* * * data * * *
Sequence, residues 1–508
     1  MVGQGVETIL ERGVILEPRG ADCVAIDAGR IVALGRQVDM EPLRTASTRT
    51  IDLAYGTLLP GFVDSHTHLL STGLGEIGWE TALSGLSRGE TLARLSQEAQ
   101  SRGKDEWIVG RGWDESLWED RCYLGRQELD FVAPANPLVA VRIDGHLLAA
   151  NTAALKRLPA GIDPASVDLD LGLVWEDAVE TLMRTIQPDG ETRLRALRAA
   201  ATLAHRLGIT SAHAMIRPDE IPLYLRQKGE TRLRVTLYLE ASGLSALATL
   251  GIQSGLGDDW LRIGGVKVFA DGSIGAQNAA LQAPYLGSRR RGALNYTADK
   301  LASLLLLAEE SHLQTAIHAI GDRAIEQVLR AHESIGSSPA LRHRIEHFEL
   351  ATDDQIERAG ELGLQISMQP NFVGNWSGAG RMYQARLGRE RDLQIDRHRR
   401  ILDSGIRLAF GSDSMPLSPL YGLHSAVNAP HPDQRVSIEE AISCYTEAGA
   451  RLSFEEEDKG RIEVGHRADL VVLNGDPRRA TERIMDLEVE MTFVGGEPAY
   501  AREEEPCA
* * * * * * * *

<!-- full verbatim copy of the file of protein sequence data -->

Sequence, residues 1–508
     1  MVGQGVETIL ERGVILEPRG ADCVAIDAGR IVALGRQVDM EPLRTASTRT
    51  IDLAYGTLLP GFVDSHTHLL STGLGEIGWE TALSGLSRGE TLARLSQEAQ
   101  SRGKDEWIVG RGWDESLWED RCYLGRQELD FVAPANPLVA VRIDGHLLAA
   151  NTAALKRLPA GIDPASVDLD LGLVWEDAVE TLMRTIQPDG ETRLRALRAA
   201  ATLAHRLGIT SAHAMIRPDE IPLYLRQKGE TRLRVTLYLE ASGLSALATL
   251  GIQSGLGDDW LRIGGVKVFA DGSIGAQNAA LQAPYLGSRR RGALNYTADK
   301  LASLLLLAEE SHLQTAIHAI GDRAIEQVLR AHESIGSSPA LRHRIEHFEL
   351  ATDDQIERAG ELGLQISMQP NFVGNWSGAG RMYQARLGRE RDLQIDRHRR
   401  ILDSGIRLAF GSDSMPLSPL YGLHSAVNAP HPDQRVSIEE AISCYTEAGA
   451  RLSFEEEDKG RIEVGHRADL VVLNGDPRRA TERIMDLEVE MTFVGGEPAY
   501  AREEEPCA